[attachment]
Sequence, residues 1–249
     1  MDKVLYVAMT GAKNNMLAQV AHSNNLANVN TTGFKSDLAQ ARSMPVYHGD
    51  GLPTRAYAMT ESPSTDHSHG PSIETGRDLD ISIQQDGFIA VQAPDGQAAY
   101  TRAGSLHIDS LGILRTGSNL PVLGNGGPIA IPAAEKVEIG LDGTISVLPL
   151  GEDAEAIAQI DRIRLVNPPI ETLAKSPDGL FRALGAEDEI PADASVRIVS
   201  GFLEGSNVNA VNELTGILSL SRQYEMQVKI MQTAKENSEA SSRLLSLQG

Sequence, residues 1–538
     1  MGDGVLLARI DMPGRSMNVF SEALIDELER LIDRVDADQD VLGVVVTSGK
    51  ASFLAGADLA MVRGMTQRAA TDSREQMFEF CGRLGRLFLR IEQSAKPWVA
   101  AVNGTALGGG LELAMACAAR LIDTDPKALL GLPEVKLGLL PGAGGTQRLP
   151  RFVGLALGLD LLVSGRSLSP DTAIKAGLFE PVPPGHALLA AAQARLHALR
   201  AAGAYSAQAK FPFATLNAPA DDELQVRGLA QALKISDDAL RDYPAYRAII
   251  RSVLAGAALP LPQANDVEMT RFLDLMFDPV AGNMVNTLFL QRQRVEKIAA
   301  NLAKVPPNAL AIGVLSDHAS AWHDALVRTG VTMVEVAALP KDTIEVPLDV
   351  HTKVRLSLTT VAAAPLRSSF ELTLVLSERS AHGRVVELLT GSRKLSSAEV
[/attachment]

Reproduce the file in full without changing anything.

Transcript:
Sequence, residues 1–249
     1  MDKVLYVAMT GAKNNMLAQV AHSNNLANVN TTGFKSDLAQ ARSMPVYHGD
    51  GLPTRAYAMT ESPSTDHSHG PSIETGRDLD ISIQQDGFIA VQAPDGQAAY
   101  TRAGSLHIDS LGILRTGSNL PVLGNGGPIA IPAAEKVEIG LDGTISVLPL
   151  GEDAEAIAQI DRIRLVNPPI ETLAKSPDGL FRALGAEDEI PADASVRIVS
   201  GFLEGSNVNA VNELTGILSL SRQYEMQVKI MQTAKENSEA SSRLLSLQG

Sequence, residues 1–538
     1  MGDGVLLARI DMPGRSMNVF SEALIDELER LIDRVDADQD VLGVVVTSGK
    51  ASFLAGADLA MVRGMTQRAA TDSREQMFEF CGRLGRLFLR IEQSAKPWVA
   101  AVNGTALGGG LELAMACAAR LIDTDPKALL GLPEVKLGLL PGAGGTQRLP
   151  RFVGLALGLD LLVSGRSLSP DTAIKAGLFE PVPPGHALLA AAQARLHALR
   201  AAGAYSAQAK FPFATLNAPA DDELQVRGLA QALKISDDAL RDYPAYRAII
   251  RSVLAGAALP LPQANDVEMT RFLDLMFDPV AGNMVNTLFL QRQRVEKIAA
   301  NLAKVPPNAL AIGVLSDHAS AWHDALVRTG VTMVEVAALP KDTIEVPLDV
   351  HTKVRLSLTT VAAAPLRSSF ELTLVLSERS AHGRVVELLT GSRKLSSAEV